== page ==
Tweetorial TAGS analysis

So happy that Clare got this working. Let’s have a look at what’s happened then:

First of all the numbers haven’t changed, Phillip Downey still has the most tweets and was linked to the most conversations. This is a quantifiable fact so it is not surprising that it shows up in both of the analytics systems.

Another question that reappears when I look at the TAGS sheet is how useful can analytics be if we don’t understand the reasoning behind the calculations. I can see Ben Williams in the centre of the mess fairly near me, Dirk and Nigel, but what does this proximity signify? Did we really mention him or tweet him that often? In reality I imagine he has a lot more to do with Jeremy Knox on account of them writing e-books together and using each others’ lectures in courses, but the data doesn’t show that.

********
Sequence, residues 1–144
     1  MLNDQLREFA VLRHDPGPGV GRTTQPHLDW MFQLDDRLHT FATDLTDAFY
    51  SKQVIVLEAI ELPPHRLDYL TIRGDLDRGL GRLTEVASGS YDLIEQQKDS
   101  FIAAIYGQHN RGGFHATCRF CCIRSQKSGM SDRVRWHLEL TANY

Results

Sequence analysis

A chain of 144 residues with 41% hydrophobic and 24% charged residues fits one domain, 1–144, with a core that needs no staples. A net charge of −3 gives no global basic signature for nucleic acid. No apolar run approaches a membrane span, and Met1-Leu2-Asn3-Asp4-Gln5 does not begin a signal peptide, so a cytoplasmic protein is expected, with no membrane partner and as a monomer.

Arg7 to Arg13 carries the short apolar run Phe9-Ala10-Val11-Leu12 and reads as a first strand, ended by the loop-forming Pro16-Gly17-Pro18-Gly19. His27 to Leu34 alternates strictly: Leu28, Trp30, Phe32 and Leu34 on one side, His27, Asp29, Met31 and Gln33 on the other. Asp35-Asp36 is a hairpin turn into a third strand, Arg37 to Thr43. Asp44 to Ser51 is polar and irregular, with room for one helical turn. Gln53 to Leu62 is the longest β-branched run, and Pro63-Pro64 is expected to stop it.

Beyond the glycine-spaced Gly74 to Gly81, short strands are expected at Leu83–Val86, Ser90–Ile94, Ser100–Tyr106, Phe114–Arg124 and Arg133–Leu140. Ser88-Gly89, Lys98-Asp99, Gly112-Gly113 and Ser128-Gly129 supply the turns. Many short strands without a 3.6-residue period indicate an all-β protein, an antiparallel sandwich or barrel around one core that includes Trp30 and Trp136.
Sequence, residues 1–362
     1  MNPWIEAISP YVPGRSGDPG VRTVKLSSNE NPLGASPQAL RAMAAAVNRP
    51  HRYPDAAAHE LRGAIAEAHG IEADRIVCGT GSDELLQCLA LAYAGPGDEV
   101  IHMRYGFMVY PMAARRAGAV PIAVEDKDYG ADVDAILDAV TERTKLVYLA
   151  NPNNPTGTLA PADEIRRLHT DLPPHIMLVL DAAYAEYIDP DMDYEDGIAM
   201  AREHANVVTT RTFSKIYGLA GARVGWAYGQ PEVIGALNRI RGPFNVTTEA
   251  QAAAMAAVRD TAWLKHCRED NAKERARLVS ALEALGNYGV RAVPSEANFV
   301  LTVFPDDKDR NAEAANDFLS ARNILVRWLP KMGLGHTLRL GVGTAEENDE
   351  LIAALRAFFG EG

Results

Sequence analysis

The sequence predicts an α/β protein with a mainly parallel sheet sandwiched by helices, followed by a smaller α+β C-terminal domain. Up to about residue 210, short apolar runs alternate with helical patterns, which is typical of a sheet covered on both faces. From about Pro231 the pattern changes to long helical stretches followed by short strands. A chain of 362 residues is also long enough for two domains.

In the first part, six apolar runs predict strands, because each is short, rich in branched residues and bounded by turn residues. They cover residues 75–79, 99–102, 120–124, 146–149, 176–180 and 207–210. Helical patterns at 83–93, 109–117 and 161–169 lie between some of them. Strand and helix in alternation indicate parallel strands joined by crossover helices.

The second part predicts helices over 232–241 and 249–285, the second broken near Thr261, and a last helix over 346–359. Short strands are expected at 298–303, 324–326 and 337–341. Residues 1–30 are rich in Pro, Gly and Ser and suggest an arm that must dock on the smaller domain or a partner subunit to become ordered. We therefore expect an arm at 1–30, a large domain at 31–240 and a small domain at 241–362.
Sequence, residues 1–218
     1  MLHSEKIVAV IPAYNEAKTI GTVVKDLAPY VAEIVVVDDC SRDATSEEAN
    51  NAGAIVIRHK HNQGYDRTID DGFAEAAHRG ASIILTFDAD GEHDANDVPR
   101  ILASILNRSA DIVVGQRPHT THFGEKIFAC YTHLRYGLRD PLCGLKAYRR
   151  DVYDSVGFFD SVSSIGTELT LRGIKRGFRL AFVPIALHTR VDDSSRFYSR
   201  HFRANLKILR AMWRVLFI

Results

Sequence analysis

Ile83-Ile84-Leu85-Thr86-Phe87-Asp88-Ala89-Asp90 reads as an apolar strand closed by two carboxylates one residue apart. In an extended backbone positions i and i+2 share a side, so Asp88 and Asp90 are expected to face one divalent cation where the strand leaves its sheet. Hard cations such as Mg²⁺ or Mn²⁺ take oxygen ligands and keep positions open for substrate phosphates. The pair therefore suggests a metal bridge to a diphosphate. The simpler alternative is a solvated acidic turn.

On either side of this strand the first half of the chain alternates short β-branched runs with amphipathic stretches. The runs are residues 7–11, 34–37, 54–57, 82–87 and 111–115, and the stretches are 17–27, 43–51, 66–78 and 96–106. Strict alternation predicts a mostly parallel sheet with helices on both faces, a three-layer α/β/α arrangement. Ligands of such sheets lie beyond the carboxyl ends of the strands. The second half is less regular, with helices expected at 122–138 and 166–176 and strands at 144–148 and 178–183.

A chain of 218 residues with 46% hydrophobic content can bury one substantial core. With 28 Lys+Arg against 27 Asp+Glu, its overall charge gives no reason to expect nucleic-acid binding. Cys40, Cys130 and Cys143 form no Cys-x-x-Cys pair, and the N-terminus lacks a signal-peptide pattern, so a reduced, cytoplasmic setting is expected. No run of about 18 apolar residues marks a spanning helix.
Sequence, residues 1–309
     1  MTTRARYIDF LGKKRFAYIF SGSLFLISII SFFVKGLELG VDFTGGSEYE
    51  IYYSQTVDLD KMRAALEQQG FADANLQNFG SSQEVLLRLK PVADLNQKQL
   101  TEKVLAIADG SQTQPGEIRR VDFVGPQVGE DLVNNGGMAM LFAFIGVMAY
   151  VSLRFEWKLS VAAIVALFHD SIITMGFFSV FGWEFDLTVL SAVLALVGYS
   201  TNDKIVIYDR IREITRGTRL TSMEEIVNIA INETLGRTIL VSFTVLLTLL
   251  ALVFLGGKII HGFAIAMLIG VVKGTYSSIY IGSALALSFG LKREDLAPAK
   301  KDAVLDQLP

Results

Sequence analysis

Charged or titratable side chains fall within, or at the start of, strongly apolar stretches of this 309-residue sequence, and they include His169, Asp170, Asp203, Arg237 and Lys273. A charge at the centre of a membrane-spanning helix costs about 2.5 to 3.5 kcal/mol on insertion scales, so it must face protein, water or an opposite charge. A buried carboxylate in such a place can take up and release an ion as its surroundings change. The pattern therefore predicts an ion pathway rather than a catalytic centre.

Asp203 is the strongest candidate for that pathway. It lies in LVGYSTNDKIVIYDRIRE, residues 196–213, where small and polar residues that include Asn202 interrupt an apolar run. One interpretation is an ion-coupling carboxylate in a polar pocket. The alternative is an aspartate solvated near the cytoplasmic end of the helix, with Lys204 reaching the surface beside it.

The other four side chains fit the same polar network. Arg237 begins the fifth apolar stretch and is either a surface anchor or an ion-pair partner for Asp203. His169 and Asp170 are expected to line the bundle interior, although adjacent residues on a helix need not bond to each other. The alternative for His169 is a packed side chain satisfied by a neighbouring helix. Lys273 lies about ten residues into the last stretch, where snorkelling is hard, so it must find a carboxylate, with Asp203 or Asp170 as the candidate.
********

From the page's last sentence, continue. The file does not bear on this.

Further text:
One thing that did surprise me was that amongst the mess of nodes I could see both Coldplay and Ed Sheeran. I instantly equated this with physical presence in a conversation, “when the hell were we talking with Coldplay? What on earth about?”. This reflects my instinctive, embodied conception of Twitter rather than a data led view. By clicking on the node I actually found out they were just mentioned once by Dirk in passing but because he hashtagged them it showed up in the data. I’m still a little unsure why anyone would bother to hashtag things like that. Or in fact hashtag anything at all. Why do people choose to reveal themselves to algorithms? I mean it’s not just a case of writing in shorthand. You could abbreviate things without hashtagging them. Maybe they imagine they’ll search through the data at a later date, but does anyone ever do that?

I’m such a Twitter noob.

Anyway I do appreciate the bizarre modernist poetry of the courses top hashtags. Another way to abstract algorithms perhaps:

Ed Sheeran Dwarf fortress!

Quads, quads, quads!


lastel! Cyborg emmental!

Rollerderby Time Machine!

Stilton Analytics! Brie! Poss! Poss!